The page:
THANKS TO e-CENTERS, RURAL  FOLKS GET CONNECTED

UPI, MAGUINDANAO, February 16, 2006
 (STAR) Every day after school hours, students mill around the community e-center (CeC) in Upi, Maguindanao. For only P20, roughly equivalent to a 13-kilometer jeepney fare, they can reach the farthest corners of the world or perhaps wander through the most popular tourist spots in Europe or the Caribbean islands.

For 15-year-old high school student Shamera Nasim, P20 is all it takes to "transport" her to Saudi Arabia. "I always finish my research work as fast as I can so I will have time to spare talking to my mom," enthuses Shamera, whose mother is an overseas Filipino worker (OFW) in the Middle East.

Shamera has not seen her mother for two years, and misses her sorely. But with the e-center, P20 goes a long way toward bridging the mother-daughter separation.

CeCs are facilities where, for a minimal fee, the public can access various information and communications technology (ICT) services such as Web browsing, e-mail, voice calls, and facsimile.

These centers serve as community libraries, points of access to distance education, business service centers, local, regional and international news services centers, and portals for various government services.

The e-centers, which look like Internet café-cum-business centers, have enriched the learning experience of students in the area who previously had access only to antiquated library materials.

They have also augmented the resources provided by US Agency for International Development (USAID) to two schools in Upi.

The Upi Agricultural School and the Nuro Central Elementary School, respectively, received 10 and five Internet-connected computers, bundled with useful peripherals, through the USAID’s Computer Literacy and Internet Connection (CLIC) Program.

Selected teachers from these schools have likewise received computer skills training.

South Upi in Maguindanao is considered as one of the underprivileged municipalities in the Philippines. Though even the basic necessities and standard infrastructure are lacking, the range of amenities available to local residents are expanding.

"The Upi CeC won sixth place in the Asia Pacific Economic Cooperation (APEC) Digital Opportunities Awards in 2005. The awards were given to outstanding projects on the advancement of computerization of both the government and the private sectors," says engineer Paulo Cagara, chairman of the ICT Council, which manages the e-center.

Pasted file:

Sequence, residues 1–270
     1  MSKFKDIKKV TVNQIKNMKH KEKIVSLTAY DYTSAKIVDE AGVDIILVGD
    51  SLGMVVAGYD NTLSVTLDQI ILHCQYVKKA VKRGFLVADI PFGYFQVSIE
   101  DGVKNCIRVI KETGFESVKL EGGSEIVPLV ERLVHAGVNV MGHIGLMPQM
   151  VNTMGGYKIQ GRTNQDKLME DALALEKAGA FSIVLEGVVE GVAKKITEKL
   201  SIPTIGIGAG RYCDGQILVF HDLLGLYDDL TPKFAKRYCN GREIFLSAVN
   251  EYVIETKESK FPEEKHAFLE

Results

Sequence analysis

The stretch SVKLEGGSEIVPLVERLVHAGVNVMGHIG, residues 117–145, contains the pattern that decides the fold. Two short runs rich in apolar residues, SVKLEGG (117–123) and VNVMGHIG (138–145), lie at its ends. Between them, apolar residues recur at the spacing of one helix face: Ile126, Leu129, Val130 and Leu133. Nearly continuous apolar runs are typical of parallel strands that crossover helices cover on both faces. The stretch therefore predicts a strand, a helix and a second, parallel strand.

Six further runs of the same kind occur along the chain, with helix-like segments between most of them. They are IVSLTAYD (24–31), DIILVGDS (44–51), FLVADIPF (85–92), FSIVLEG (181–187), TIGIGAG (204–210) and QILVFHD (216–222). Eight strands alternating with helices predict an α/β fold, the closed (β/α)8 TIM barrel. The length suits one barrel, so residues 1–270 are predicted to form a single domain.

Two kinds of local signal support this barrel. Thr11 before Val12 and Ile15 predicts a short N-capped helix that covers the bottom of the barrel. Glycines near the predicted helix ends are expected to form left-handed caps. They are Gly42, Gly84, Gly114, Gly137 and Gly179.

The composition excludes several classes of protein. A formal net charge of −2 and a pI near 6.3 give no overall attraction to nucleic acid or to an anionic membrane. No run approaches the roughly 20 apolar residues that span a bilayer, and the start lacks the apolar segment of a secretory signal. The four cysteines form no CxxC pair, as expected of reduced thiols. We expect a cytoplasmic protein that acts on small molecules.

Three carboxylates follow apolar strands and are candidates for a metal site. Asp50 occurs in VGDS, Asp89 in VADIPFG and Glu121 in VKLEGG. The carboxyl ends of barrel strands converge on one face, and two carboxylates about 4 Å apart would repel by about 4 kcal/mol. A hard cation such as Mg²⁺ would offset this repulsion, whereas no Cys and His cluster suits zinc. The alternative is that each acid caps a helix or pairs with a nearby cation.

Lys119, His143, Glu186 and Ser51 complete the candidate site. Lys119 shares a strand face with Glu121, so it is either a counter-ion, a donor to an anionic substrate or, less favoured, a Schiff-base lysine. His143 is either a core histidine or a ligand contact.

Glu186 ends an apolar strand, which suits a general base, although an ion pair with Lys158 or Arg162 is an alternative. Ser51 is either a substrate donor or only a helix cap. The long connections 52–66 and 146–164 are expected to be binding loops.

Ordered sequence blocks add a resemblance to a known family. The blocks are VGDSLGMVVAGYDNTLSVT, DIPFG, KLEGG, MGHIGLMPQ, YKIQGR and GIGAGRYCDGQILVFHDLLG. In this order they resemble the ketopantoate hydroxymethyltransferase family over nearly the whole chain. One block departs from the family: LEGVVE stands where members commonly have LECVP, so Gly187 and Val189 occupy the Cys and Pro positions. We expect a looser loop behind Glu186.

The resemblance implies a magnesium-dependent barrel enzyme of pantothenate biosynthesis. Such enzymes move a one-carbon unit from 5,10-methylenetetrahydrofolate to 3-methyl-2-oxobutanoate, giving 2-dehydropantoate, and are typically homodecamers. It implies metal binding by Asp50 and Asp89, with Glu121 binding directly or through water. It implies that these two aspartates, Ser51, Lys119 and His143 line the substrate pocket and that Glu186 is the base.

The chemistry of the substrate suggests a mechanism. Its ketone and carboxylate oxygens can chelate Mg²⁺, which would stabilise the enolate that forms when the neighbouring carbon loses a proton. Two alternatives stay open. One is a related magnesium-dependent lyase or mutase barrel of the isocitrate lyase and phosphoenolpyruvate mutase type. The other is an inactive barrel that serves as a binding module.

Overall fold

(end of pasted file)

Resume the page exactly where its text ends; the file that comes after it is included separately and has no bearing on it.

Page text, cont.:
The municipality of Upi is the site of the first community e-center (CeC) in the country. Launched in October 2004, the Upi CeC has made progress in making lives more comfortable for the Maguindanaoans, according to Cagara.

The e-center is a government and private sector partnership, and since its operations began, the people of Upi have enjoyed speedy communication services through facsimile and e-mail, as well as reduced phone bill costs by using the new local telephone system.

Most of the government employees, who previously had to travel to Cotabato City to have their documents processed by the Government System Insurance Service (GSIS), can now apply for loans online.

The e-center has also had a significant impact on local businesses. Traders, who once had limited contact and little access to markets outside the municipality, can now arrange efficient domestic and overseas transactions through the CeC.

In fact, locally made baskets made by the indigenous Teduray tribe are being sold internationally through the Internet. Thanks to technology, product information on these baskets is posted in the local government unit’s website.

The USAID-funded Growth with Equity in Mindanao (GEM) Program, which implements CLIC, is also instrumental in efforts to "wire" the previously inaccessible municipalities throughout Mindanao, especially in the Autonomous Region in Muslim Mindanao (ARMM).

In Upi, the GEM Program provided technical support and assistance in configuring CeCs’ equipment. The local government, led by Mayor Ramon Piang Sr., allocated a computer set and a room for the CeC as counterpart.

Meanwhile, in Malungon municipality, a predominantly rural community in Sarangani, technology has also made a stopover. Though only 23 of its 31 barangays have access to power, an e-center was created as evidence of strong resolve to make Mindanao an ICT hub.

With the CeC, telecommunication companies such as Globe and Smart have entered the municipality.

E-centers were also established in equally remote municipalities in Mindanao such as Maitum and Malapatan in Sarangani, as well as Jolo in Sulu.

Besides facilitating broadband connections to these areas, the GEM Program has also assisted these municipalities in accessing funds from the National Computer Center (NCC), which implements the "Jumpstarting Electronic Governance in Local Government Units" or the e-LGU Program.

The ICT revolution continues to sweep through the country, and the NCC plans to connect a total of 248 rural municipalities and provinces to the world.

Of these pilot sites, 74 are in Mindanao. In Luzon, 98 CECs will be established, while 76 e-centers will be set up in the Visayas.


Chief News Editor: Sol Jose Vanzi

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